Tax-Free Savings Account (TFSA)
This was the big story of 2009. Any Canadian resident 18 or older is entitled to earn tax-free investment income in this registered account by contributing up to $5,000 each year. Unlike an RRSP, there is no upper age limit and you do not have to have “earned income” to qualify. However, there is also no tax deduction for contributions to the account. Any investment that is eligible for an RRSP will be allowed in a TFSA.
Every Canadian will accumulate TFSA contribution room each year simply by filing a tax return and unused contribution room may be carried forward.
Earnings in the plan are tax exempt and withdrawals from a TFSA are not reported as income (in contrast to an RRSP). Withdrawals also free up contribution room of an equivalent amount. This makes the TFSA an extremely flexible savings vehicle.
For more information, visit http://www.cra-arc.gc.ca/tx/rgstrd/tfsa-celi/menu-eng.html.
Stopping TFSA Abuses
TFSA transactions occurring after October 16, 2009 are subject to new penalty provisions aimed at stopping taxpayers from abusing the rules governing TFSAs.
- Deliberate Overcontributions Excess contributions (normally made in error) are subject to a penalty of 1% per month until the amounts are removed. However, any income attributed to deliberate overcontributions will be subject to a 100% tax.
- Prohibited and Non-Qualified Investments Investments that are eligible for an RRSP will be allowed in a TFSA. Those that are prohibited include shares of a company in which the holder has a significant interest (10% or more) or investments in non-arm’s length entities. Income attributed to these types of prohibited investments will be subject to a 100% tax.
- Asset Transfer Transactions These complicated transactions involve swapping investments between say, an RRSP and a TFSA, with no intention of disposing of the asset, in order for the gains on the investment to be realized in the TFSA. To prevent this type of abuse, 100% of these gains will be subject to tax
For more information, visit http://www.fin.gc.ca/n08/09-099-eng.asp.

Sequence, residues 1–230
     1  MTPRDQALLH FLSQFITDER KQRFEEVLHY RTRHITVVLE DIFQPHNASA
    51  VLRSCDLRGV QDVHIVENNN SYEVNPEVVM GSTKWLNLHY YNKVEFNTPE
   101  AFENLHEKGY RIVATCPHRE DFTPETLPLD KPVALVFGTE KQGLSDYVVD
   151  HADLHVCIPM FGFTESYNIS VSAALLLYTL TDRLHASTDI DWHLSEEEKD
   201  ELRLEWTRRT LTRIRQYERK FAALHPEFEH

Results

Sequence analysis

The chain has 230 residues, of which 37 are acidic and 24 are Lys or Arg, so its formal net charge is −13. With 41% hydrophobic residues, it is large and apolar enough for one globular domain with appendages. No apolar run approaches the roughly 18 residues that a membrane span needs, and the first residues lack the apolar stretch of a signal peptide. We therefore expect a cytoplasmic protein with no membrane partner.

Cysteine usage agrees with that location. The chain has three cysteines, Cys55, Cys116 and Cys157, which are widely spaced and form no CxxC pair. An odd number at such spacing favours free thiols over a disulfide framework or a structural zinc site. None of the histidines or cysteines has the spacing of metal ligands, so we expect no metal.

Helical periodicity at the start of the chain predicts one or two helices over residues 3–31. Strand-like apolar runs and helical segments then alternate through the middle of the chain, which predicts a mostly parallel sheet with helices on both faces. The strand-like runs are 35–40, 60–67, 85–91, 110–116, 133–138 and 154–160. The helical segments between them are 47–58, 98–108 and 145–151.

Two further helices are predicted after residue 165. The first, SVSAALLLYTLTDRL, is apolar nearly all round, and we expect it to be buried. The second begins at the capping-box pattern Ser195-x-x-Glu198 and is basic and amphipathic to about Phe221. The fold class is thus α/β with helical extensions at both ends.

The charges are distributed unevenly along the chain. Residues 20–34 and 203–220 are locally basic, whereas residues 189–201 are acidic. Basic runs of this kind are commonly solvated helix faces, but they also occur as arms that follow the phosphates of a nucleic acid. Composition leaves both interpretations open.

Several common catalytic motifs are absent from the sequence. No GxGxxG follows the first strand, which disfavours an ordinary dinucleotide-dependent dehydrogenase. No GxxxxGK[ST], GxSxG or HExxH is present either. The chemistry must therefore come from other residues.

Registered Disability Savings Plan (RDSP)
This savings plan was established to help parents and others save for the long-term financial security of a disabled person (one who qualifies for the Disability Tax Credit).
Income earned in the plan is sheltered from tax. However, contributions to the plan do not qualify as tax deductions. Anyone can contribute to an RDSP, not just family members. Visit http://www.cra-arc.gc.ca/tx/ndvdls/tpcs/rdsp-reei/menu-eng.html for more information.
Capital Loss Planning
One of the few silver linings of the financial meltdown was the ability to use capital losses to reduce taxes paid or owing. Because the values of most stocks and mutual funds were hit so hard, their sale produced a capital loss. These capital losses are first used to offset any capital gains realized during the year (unlikely in 2009) to lower your current year’s taxes. If losses remain, they may then be carried back to offset any capital gains realized in the previous three years (gains were more likely back in 2006, 2007 or 2008) by completing form T1A Loss Carry Back. A refund will be issued. Any remaining capital losses (2009 was a really bad year) can be carried forward indefinitely to offset future capital gains. Content in this section is provided in partnership with the Investor Education Fund, a non-profit organization promoting financial literacy to Canadians. To find out more go to GetSmarterAboutMoney.ca.